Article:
Sunday Reflection (January 26, 2020)

Simon Peter, Andrew, James and John were confronted by that light that shined in Galilee when Jesus said: “Follow me” (Matthew 4:18-22). It is “follow me” in the sense of learning a way of life. It is learning a way of life in response to that light that shines in the darkness of human sin, hatred, malice, and violence. Through the Holy Spirit, may that light shine in the midst of darkness. I close with these words of St. Bede: May that morning star which never sets, Christ our light, find us aflame with love until the world is enlightened with love.

Prayer for the Week (Jan. 26-Feb. 1)

Let us pray for Christ’s light to shine upon us: God, our heavenly Father, we thank you for sending Jesus as the light for the world. Shine into our darkness, so that we see God’s love, and follow in the way you show us. Amen.


Prayer for the Week (Jan. 19-Jan. 25)

Let us pray that we love God in all things and above all things: Merciful God, you have prepared for those who love you such good things that surpass our understanding. Pour into our hearts such love towards you that loving you above all else, we obtain your promises which exceed all that we can desire; through Jesus Christ our Lord.


Sunday Reflection (January 19, 2020)

Jesus extends an invitation to you and me with the word, “come and see”(John 1:29-42). May we “go and see.” May we keep learning about the message of love and grace that makes a difference in our lives, and in the life of the world around us.
Through the Holy Spirit, we begin to understand what it is that Jesus reveals to us about God. Through the drawing of the Holy Spirit, we are invited to abide in Christ and become “Christ-like.”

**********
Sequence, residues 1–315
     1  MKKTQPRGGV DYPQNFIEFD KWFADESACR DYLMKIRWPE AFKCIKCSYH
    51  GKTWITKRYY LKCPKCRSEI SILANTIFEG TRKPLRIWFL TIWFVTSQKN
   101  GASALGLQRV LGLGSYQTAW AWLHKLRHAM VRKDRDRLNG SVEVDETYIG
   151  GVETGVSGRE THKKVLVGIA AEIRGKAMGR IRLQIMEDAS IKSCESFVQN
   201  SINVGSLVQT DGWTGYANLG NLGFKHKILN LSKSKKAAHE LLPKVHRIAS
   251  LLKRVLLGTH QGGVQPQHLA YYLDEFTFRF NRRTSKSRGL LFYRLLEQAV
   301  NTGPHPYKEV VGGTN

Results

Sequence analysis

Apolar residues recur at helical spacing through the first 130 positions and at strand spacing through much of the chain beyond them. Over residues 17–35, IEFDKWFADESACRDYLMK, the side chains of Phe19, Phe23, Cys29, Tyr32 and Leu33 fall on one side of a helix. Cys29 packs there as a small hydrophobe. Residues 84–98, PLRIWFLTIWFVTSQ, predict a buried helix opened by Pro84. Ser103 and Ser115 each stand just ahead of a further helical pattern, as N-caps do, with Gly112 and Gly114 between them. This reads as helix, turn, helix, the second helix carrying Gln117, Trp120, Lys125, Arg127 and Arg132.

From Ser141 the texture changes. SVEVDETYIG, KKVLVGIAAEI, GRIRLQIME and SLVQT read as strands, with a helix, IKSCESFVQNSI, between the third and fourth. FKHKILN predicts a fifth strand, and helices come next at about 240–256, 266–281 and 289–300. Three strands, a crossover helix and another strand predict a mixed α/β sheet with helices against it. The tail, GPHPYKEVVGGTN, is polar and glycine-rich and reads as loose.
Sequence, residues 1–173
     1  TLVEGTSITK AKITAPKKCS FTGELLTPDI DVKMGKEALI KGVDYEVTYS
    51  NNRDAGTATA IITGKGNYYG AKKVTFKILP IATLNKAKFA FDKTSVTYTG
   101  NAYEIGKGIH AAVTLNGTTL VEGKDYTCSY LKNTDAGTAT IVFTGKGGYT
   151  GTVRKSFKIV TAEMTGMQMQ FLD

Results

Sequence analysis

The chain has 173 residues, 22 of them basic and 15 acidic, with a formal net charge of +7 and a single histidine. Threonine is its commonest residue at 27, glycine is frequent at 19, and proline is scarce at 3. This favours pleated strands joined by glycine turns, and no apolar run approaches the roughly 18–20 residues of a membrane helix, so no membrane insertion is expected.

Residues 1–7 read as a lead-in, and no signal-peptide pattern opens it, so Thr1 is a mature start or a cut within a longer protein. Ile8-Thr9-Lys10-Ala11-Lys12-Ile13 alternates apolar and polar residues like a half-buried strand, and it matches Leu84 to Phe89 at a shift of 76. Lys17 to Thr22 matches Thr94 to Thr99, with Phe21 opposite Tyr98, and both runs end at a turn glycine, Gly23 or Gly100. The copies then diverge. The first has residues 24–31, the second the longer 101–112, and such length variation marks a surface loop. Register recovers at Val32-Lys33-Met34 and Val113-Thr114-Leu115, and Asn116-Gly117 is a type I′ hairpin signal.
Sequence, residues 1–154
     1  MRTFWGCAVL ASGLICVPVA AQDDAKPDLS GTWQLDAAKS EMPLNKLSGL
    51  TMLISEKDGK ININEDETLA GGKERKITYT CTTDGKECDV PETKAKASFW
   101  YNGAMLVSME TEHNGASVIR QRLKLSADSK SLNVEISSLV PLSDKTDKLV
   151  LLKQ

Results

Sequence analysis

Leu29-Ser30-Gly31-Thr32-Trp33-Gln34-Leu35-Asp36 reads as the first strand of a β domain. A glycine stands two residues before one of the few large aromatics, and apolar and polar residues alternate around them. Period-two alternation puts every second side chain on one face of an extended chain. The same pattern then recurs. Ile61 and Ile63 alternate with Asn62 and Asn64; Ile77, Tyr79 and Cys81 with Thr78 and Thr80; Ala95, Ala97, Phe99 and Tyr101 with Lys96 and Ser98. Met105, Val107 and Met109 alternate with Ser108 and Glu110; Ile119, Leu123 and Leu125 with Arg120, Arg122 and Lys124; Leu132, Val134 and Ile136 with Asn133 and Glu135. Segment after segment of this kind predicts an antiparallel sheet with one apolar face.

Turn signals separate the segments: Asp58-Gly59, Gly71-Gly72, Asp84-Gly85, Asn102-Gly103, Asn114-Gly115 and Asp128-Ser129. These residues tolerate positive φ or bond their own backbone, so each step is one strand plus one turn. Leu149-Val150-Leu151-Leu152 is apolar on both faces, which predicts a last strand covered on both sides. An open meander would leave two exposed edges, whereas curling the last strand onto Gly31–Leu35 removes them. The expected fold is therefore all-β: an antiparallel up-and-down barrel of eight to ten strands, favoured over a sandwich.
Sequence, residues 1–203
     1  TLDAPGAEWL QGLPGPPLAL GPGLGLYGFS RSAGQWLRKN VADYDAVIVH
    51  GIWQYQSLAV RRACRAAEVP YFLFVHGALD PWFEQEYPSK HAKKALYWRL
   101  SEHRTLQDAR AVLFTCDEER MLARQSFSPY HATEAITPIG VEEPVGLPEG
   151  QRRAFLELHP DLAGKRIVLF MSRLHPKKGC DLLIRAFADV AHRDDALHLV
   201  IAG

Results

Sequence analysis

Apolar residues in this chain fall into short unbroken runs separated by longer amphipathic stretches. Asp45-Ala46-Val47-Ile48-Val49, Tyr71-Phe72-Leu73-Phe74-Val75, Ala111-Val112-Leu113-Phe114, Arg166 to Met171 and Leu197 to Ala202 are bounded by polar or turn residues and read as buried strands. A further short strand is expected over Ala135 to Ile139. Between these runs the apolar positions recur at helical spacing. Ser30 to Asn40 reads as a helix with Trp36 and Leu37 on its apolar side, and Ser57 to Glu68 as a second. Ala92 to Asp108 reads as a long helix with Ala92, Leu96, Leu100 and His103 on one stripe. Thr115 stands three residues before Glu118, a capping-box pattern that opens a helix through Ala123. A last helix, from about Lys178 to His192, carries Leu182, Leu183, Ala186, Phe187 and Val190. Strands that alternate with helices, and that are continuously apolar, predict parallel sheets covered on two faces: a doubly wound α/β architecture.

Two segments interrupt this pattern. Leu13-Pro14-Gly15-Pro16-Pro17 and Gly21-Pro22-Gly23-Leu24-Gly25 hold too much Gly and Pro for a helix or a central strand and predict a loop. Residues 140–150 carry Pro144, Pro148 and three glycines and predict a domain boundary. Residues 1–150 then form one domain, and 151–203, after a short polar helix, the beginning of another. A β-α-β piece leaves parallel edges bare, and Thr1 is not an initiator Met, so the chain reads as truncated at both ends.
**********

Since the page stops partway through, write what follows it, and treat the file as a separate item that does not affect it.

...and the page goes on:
Prayer for the Week (Jan. 12-Jan. 18)

Let us pray that as we listen to the voice of the Holy Spirit: Father in heaven, you revealed Christ as your Son by the voice that spoke over the waters of the Jordan. May all who share in the sonship and daughtership of Christ follow his path of service to others, and thus reflect the glory of his kingdom unto the ends of the earth. This we ask through Christ our Lord who eternally dwells with you and the Holy Spirit, One God, now and forevermore. Amen.

(Sunday Missal)

Prayer for the Week (Jan. 5-Jan. 11)

Let us pray to God our Father that Christ be the light of all: God of all nations, peoples and cultures, on the day of the Epiphany you made bright your light and your love destined for all. Guide us in the ways of your Son. May your kindly light shine everywhere, so that all peoples praise you in their own language and enrich your Church with their own gifts. We ask this in the name of Jesus, our Lord and Savior. Amen.

(Claretian Publications)

Sunday Reflection (January 5, 2020)

Imagine violent barbarians settling on the coast near you (and you thought we had immigration issues). What would you pray? God, sent those barbarians back across the sea from whence they came! God in your wrath destroy those pagan barbarians! God may those barbarians learn our language and become like us! What would you pray?

This very prayer was prayed as Barbarians swept across Western Europe: “Everlasting God, the radiance of faithful souls, you brought the nations to your light and kings to the brightness of your rising. Fill the world with your glory, and show yourself to all the nations; through Christ who is the true light and the bright and morning star, even Jesus Christ your Son our Lord. Amen (Latin Sacramentary, 5th-7th Cent. Alt.).

How successful was that ancient prayer? Consider that the language that we speak, English, is the linguistic descendant of the varieties of Anglo-Saxon. They later became Christianized and they are the linguistic ancestors of our language, English. Now you know how successful that ancient prayer was.

Having been enlightened and transformed by the light of God’s love, may God’s love shine forth through us. May those who have yet to embrace Christianity find the love and fellowship of God among us. May even our enemies see the light of God’s love through us.

The Wise Men began the procession of Gentiles to the God of Israel through Jesus Christ which is where we find ourselves: Gentiles embraced by the God of Israel through Jesus Christ (Matthew 2:1-12). Paul calls it a revealed mystery (Ephesians 3:1-12).